Make the ricotta
- In a food processor fitted with the s-blade, add the cashews, garlic, miso paste, salt, and nutritional yeast. Pulse until the mixture resembles coarse crumbs but is not pureed.
- Add the drained tofu, breaking it up into pieces as you go.
- Pulse until the mixture is fully combined and still has some texture from the cashews.
- Remove the mixture to a bowl and stir in the chopped basil, if using.
Stuff the shells
- Preheat the oven to 350F.
- Drain the shells from the water bath, gently shaking to remove any water hiding in the shell cavity.
- Add the ricotta mixture to a piping bag or plastic food storage bag and snip off the end to leave about a half inch opening. Alternatively, you can spoon the ricotta mixture into the shells, it just is a little messier.
- Spread 2-3 cups of tomato sauce on the bottom of a 9×13 casserole dish or similar size baking pan.
- Stuff the shells, nestling them into the sauce as you go. Depending on how much filling you use, you should have enough for at least 21 shells.
- Spoon more sauce over the stuffed shells, cover the pan with foil, and bake for 30 minutes at 350F.
- Serve immediately with a salad or side of your choice.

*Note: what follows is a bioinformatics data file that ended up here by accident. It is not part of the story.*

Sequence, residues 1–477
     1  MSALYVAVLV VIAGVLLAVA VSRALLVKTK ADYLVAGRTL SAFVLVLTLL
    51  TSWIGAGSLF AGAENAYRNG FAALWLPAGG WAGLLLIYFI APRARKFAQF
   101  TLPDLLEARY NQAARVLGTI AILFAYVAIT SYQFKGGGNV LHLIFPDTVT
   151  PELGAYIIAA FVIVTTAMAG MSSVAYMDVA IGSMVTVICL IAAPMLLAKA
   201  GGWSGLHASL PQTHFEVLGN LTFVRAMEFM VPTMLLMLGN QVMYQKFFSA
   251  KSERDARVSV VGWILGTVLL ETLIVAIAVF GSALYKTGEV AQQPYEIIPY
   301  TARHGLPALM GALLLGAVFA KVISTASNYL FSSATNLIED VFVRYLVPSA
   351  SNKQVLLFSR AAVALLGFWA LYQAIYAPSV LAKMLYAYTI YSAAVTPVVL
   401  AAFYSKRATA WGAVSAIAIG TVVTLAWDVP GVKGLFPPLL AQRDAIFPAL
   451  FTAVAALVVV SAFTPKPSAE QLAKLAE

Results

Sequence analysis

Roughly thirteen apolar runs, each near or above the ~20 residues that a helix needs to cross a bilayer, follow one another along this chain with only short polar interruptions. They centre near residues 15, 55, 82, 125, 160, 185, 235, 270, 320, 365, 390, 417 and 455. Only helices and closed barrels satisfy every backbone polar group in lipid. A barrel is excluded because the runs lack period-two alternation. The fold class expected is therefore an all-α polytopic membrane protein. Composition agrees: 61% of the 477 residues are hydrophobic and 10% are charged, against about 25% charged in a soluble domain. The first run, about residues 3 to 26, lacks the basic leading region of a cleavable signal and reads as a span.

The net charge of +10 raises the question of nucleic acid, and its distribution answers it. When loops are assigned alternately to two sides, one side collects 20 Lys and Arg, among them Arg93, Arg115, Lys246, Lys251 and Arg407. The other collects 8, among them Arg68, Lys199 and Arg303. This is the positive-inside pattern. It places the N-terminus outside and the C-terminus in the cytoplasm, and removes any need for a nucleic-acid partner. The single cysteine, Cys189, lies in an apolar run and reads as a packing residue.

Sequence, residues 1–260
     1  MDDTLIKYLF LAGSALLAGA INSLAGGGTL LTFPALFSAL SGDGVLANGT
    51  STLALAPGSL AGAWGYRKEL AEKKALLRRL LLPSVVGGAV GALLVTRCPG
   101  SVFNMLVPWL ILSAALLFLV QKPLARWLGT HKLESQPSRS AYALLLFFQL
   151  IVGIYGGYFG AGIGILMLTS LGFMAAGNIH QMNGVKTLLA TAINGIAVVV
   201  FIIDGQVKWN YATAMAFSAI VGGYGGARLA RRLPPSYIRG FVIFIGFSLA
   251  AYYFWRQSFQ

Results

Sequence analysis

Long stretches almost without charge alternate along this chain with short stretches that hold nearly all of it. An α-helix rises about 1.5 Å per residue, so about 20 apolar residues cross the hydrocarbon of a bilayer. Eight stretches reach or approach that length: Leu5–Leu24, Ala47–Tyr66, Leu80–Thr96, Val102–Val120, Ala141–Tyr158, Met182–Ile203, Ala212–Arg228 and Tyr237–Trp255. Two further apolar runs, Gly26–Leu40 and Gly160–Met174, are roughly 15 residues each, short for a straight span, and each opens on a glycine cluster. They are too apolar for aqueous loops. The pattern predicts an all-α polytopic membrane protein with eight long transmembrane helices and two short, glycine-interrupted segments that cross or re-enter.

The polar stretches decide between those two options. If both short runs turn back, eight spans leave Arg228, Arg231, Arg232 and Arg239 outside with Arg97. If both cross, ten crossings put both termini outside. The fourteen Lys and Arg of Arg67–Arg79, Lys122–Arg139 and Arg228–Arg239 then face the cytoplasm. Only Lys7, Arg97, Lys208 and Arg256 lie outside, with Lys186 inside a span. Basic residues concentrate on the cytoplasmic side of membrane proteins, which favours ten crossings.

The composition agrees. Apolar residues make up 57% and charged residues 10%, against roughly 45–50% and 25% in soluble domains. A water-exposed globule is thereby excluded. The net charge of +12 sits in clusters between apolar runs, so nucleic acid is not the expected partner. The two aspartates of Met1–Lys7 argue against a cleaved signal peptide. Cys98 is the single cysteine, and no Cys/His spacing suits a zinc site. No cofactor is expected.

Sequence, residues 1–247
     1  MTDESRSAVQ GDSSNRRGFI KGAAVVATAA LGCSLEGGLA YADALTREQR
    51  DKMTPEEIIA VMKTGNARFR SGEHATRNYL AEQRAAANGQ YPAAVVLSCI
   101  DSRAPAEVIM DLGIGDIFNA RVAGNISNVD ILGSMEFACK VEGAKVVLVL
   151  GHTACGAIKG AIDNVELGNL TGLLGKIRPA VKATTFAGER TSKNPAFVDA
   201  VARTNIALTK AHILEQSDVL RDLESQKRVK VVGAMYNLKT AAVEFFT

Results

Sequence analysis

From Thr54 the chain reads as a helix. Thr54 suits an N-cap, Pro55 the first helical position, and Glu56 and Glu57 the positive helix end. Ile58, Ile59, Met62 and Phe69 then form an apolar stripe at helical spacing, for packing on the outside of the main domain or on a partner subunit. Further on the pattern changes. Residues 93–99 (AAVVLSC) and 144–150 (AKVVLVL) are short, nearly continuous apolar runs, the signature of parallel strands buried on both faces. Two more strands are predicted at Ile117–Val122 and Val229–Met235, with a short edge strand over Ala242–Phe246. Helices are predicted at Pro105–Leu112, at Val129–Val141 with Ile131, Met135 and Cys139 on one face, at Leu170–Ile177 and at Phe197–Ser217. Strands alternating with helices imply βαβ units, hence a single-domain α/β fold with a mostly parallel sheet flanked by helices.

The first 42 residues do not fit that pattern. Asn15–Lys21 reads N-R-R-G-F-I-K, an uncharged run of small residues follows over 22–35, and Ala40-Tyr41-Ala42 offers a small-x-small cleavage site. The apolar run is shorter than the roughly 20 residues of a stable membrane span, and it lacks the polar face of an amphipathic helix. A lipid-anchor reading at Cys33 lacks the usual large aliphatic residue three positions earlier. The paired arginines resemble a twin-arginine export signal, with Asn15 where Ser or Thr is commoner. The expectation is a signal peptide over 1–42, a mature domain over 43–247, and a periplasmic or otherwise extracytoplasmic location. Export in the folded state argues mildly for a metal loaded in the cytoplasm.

- I kept this recipe as simple as I could, but if you want to add more plant power to the vegan ricotta, stir in some fresh chopped spinach before you stuff the shells. Arugula could be good too! Mmm…or artichoke hearts. Maybe olives? The point is, you’ve got options.
- This meal is a perfect candidate for bulk cooking and meal prep. If you double the sauce and ricotta, you can freeze the extra for another meal. Like the best damn vegan lasagna!
- You will have leftover jumbo shells. This is just how it works. Accept it and move on with your life. 😉
- If you’re feeling extra, thin out a ½ cup of savory cashew cream with water until it’s a pourable consistency and drizzle it over the top of the shells after the 30 minute cooking time. Broil until browned and then enjoy! I usually don’t feel the need to do this because the filling is so rich as it is, but just wanted to throw that option out there.